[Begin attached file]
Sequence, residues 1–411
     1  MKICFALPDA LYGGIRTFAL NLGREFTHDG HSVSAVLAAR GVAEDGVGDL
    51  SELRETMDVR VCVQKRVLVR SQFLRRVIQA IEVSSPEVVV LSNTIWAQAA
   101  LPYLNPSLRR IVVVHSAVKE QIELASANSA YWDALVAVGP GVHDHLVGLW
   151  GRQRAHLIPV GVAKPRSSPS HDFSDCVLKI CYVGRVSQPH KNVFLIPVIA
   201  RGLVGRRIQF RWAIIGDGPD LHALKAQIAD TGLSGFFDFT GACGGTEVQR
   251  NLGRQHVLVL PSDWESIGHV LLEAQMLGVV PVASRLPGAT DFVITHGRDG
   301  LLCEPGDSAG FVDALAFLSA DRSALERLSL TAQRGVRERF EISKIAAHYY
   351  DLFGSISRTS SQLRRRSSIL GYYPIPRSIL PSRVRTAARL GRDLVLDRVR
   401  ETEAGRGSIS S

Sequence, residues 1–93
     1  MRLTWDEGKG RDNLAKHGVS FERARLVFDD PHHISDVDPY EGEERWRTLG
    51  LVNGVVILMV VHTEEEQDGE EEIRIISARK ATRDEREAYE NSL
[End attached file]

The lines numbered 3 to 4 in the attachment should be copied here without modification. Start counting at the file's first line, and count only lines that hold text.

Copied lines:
    51  SELRETMDVR VCVQKRVLVR SQFLRRVIQA IEVSSPEVVV LSNTIWAQAA
   101  LPYLNPSLRR IVVVHSAVKE QIELASANSA YWDALVAVGP GVHDHLVGLW